Opana and Opana ER (extended release) are prescription strength opioid drugs meant to treat symptoms of moderate to severe pain. With the added side effects of euphoria, stress reduction, and overall good feelings, opioid drugs are often abused and misused.

The active chemical in Opana is oxymorphone, which is a Schedule II controlled substance as designated by the Drug Enforcement Administration, or DEA. Schedule II drugs are considered to be high-risk substances for diversion, abuse, and physical dependence. On the street, Opana is called:

  • Blues
  • Blue heaven
  • O
  • Orgasna
  • Pink
  • Oranges
  • Stop signs
  • New blues
  • Octagons
  • Pink heaven
  • Pink lady
  • IR
  • OM
  • The O bomb
  • Pink O

Opana may be swallowed in tablet form, chewed, or crushed for snorting or injection when abused. An estimated 20 percent of Americans (aged 12 and older) had abused a prescription drug one or more times in their lives by the year 2014, the National Institute on Drug Abuse (NIDA) published. In 2014, the National Survey on Drug Use and Health (NSDUH) reported that 4.3 million people in the United States were currently abusing prescription painkillers. Opioid drugs are highly addictive, and the American Society of Addiction Medicine (ASAM) reports that around 2.5 million American adults suffered from an opioid use disorder in 2014.

Who Abuses Opana?

The DEA reports that young white adults abuse Opana at the highest rates, and NSDUH supports this, showing that individuals between 18 and 25 abuse prescription pain relievers more than any other age demographic. Opana abuse may have gained popularity, particularly in rural parts of the country, with the reformulation of OxyContin (oxycodone), another prescription opioid drug, Reuters publishes. The makers of OxyContin made it more difficult to abuse by changing its chemical makeup so that it would turn into a kind of goo when crushed for snorting or injecting. As it became more difficult to get the original form of OxyContin, people dependent on opioid drugs may have turned to alternatives: Enter Opana.

The manufacturers of Opana, Endo Pharmaceuticals, answered by reformatting Opana ER in 2012 and adding a new coating to try and prevent it from being crushed, NPR reports. They even petitioned the FDA (US Food and Drug Administration) to try and block generic forms of extended-release oxymorphone drugs from being manufactured to no avail. This new formation of Opana ER may have caused more people to try and inject the drug instead of snorting it, however. Studies published in the journal Pain indicate that while the reformulation of Opana ER may have deterred non-oral abuse (e.g., snorting and injecting the drug) initially, it did not seem to deter this abuse over time.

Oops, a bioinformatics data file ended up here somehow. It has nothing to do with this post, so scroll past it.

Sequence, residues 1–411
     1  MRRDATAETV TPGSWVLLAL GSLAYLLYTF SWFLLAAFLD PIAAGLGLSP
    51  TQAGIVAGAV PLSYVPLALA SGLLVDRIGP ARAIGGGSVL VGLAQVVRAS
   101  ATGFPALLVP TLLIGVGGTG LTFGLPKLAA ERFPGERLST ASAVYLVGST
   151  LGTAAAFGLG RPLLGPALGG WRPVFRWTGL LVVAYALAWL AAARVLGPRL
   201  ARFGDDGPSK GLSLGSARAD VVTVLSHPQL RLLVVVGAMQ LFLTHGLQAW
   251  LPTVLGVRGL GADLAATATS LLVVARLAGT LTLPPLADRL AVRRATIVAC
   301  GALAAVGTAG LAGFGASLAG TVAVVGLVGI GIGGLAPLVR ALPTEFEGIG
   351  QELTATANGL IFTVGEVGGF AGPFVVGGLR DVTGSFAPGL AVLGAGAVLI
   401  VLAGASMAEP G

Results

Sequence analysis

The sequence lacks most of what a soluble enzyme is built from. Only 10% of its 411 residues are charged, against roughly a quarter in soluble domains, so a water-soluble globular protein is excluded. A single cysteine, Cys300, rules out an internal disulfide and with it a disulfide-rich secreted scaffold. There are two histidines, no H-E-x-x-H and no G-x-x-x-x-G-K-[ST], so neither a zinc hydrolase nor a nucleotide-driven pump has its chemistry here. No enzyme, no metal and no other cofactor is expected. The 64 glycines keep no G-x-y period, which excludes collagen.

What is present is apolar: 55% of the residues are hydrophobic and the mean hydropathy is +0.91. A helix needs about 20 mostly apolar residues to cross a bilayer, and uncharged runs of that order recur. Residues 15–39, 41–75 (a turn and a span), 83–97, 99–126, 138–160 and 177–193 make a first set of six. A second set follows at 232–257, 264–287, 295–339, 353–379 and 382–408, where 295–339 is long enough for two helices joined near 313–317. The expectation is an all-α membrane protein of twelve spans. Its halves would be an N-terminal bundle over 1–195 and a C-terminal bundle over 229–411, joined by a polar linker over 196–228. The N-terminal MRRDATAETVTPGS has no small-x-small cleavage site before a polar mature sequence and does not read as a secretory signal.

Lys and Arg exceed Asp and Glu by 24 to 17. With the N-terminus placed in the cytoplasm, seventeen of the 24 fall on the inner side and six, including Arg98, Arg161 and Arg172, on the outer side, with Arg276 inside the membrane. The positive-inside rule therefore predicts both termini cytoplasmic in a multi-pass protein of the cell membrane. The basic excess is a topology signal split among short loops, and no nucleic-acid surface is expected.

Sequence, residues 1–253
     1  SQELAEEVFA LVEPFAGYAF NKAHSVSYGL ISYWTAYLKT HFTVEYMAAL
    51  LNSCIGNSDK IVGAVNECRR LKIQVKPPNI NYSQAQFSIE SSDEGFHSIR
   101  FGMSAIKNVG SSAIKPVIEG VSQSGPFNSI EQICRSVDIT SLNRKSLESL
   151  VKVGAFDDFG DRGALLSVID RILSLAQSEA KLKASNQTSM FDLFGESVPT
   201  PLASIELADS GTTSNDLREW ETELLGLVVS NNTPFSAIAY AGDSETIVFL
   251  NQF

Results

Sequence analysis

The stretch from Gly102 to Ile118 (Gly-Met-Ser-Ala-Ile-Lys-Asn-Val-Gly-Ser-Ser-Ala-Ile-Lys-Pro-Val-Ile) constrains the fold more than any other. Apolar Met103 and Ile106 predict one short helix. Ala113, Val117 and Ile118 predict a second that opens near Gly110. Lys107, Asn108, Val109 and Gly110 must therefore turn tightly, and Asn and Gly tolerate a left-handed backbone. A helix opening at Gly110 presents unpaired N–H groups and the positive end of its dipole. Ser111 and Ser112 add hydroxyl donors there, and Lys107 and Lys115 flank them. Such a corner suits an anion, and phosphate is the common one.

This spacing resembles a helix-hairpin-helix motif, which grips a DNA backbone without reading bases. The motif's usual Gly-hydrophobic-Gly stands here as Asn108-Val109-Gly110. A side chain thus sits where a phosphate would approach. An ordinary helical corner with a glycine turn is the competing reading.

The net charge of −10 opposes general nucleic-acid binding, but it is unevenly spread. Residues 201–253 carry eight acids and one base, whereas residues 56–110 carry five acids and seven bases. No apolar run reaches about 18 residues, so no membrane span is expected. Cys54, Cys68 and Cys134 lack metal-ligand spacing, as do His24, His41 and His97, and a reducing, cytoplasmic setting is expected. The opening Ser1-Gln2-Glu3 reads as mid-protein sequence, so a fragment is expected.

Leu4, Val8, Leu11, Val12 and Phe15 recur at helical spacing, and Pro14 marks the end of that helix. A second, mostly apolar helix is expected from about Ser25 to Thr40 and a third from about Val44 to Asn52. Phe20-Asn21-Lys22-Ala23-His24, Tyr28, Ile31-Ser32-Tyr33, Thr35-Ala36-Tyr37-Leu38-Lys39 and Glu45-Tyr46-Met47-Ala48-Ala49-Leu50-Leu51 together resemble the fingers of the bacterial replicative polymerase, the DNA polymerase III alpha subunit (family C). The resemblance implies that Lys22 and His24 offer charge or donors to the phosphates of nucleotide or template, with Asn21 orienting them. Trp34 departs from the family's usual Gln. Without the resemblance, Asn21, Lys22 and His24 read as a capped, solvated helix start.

opana abuse

Opana is often diverted for abuse through robberies, theft, drug trafficking organizations, and forged prescriptions, the DEA publishes. When abused, it can create an intense “high” that recreational drug users may desire. The 2013 NSDUH indicates that over half of the people who misuse prescription medications get them from a friend or relative for no charge.

Additionally, individuals with legitimate prescriptions for Opana may become dependent on the drug and wish to continue taking it after it is no longer deemed medically necessary. People may take Opana in higher doses than intended or after a prescription has run out. Individuals may make up pain symptoms to get the drug or shop around to different doctors to get it. Using a prescription drug like Opana without a necessary prescription is a form of drug abuse.

Possible Ramifications of Opana Abuse

As a potent narcotic, Opana slows respiration levels and cardiovascular functions, as the opioid suppresses the central nervous system. Opioids also impact a person’s emotional regulation, increasing levels of dopamine and other neurotransmitters in the brain, which induce feelings of pleasure. Opioids bind to opioid receptors along the central nervous system, which interferes with the way some of these natural chemical messengers are transported, produced, and reabsorbed.

When someone uses Opana to get “high,” they may seem exuberant, overly happy, relaxed, have impaired reflexes and motor control skills, and slur their speech. Opana interferes with a person’s ability to make sound decisions and lowers inhibitions. Injuries, accidents, or increased risk-taking behaviors may result. A person may engage in questionable sexual encounters or other behaviors that may seem out of character. Loss of appetite, constipation, mood swings, and mental fogginess may also be side effects of Opana use and/or abuse.

Taking Opana by method of injection increases the risks for contracting diseases like hepatitis or HIV/AIDS through the sharing of dirty needles. Collapsed veins, blood infections, and “track marks,” or scarring at the injection site, are also perils of intravenous (IV) drug use. The Centers for Disease Control and Prevention (CDC) reports on several cases of a rare and potentially fatal blood disorder called thrombotic thrombocytopenic purpura (TTP) potentially being caused by IV Opana use after the drug was reformulated.